The Hebrew University of Jerusalem. (2009, September 16). 'Alert status' area in brain discovered: New understanding of anesthesia. ScienceDaily. Retrieved December 20, 2014 from www.sciencedaily.com/releases/2009/09/090914110535.htm
The Hebrew University of Jerusalem. "'Alert status' area in brain discovered: New understanding of anesthesia." ScienceDaily. www.sciencedaily.com/releases/2009/09/090914110535.htm (accessed December 20, 2014).

Share This


More From ScienceDaily



More Mind & Brain News

Saturday, December 20, 2014

Featured Research

from universities, journals, and other organizations


Featured Videos

from AP, Reuters, AFP, and other news services

Researchers Test Colombian Village With High Alzheimer's Rates

Researchers Test Colombian Village With High Alzheimer's Rates

AFP (Dec. 19, 2014) In Yarumal, a village in N. Colombia, Alzheimer's has ravaged a disproportionately large number of families. A genetic "curse" that may pave the way for research on how to treat the disease that claims a new victim every four seconds. Duration: 02:42 Video provided by AFP
Powered by NewsLook.com
Double-Amputee Becomes First To Move Two Prosthetic Arms With His Mind

Double-Amputee Becomes First To Move Two Prosthetic Arms With His Mind

Buzz60 (Dec. 19, 2014) A double-amputee makes history by becoming the first person to wear and operate two prosthetic arms using only his mind. Jen Markham has the story. Video provided by Buzz60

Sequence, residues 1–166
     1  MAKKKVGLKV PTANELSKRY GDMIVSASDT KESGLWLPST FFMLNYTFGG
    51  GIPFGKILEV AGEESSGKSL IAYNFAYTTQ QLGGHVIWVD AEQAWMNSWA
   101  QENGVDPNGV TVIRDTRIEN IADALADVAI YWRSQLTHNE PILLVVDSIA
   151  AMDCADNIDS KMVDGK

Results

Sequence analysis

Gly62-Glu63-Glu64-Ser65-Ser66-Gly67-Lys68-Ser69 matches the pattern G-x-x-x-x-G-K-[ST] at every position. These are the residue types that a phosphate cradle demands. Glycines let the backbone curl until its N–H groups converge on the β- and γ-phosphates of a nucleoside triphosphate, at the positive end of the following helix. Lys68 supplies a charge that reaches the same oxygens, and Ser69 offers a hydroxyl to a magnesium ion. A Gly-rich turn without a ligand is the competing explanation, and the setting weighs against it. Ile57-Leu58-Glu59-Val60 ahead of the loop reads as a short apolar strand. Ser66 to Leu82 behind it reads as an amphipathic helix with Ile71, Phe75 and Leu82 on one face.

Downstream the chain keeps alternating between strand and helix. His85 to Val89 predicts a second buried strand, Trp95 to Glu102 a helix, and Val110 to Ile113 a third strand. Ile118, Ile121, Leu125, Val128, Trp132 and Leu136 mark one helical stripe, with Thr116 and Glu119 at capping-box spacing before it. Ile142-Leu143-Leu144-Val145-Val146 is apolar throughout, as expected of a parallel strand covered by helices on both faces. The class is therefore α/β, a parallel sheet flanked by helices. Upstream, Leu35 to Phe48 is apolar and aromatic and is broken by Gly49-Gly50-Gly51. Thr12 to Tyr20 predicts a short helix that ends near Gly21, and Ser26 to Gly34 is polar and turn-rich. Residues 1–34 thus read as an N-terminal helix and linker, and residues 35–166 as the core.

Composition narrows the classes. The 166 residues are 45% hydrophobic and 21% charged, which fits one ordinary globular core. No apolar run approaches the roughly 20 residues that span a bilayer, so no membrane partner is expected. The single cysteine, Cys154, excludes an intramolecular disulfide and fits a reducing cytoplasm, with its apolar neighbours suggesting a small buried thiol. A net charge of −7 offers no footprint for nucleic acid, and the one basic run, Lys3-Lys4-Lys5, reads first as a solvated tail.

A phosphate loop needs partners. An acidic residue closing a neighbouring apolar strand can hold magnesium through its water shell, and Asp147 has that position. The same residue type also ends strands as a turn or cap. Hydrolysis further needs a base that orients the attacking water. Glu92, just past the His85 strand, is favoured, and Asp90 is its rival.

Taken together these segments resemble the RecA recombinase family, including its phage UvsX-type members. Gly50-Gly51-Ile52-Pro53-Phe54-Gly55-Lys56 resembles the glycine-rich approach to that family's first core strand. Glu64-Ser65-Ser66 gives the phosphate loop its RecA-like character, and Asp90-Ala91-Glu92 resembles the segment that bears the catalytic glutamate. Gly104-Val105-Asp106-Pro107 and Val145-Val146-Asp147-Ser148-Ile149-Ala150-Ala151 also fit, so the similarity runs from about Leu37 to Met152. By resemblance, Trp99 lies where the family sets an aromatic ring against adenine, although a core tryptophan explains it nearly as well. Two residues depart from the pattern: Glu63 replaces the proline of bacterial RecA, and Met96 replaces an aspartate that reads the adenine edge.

Powered by NewsLook.com
Prenatal Exposure To Pollution Might Increase Autism Risk

Prenatal Exposure To Pollution Might Increase Autism Risk

Newsy (Dec. 18, 2014) Harvard researchers found children whose mothers were exposed to high pollution levels in the third trimester were twice as likely to develop autism. Video provided by Newsy
Powered by NewsLook.com
Yoga Could Be As Beneficial For The Heart As Walking, Biking

Yoga Could Be As Beneficial For The Heart As Walking, Biking

Newsy (Dec. 17, 2014) Yoga can help your weight, blood pressure, cholesterol and heart just as much as biking and walking does, a new study suggests. Video provided by Newsy
Powered by NewsLook.com

Search ScienceDaily

Number of stories in archives: 140,361

Find with keyword(s):
Enter a keyword or phrase to search ScienceDaily for related topics and research stories.

Save/Print:
Share:

Breaking News:

Strange & Offbeat Stories


Health & Medicine

Mind & Brain

Living & Well

In Other News

... from NewsDaily.com

Science News

Health News

Environment News

Technology News



Save/Print:
Share:

Free Subscriptions


Get the latest science news with ScienceDaily's free email newsletters, updated daily and weekly. Or view hourly updated newsfeeds in your RSS reader:

Get Social & Mobile


Keep up to date with the latest news from ScienceDaily via social networks and mobile apps:

Have Feedback?


Tell us what you think of ScienceDaily -- we welcome both positive and negative comments. Have any problems using the site? Questions?
Mobile: iPhone Android Web
Follow: Facebook Twitter Google+
Subscribe: RSS Feeds Email Newsletters
Latest Headlines Health & Medicine Mind & Brain Space & Time Matter & Energy Computers & Math Plants & Animals Earth & Climate Fossils & Ruins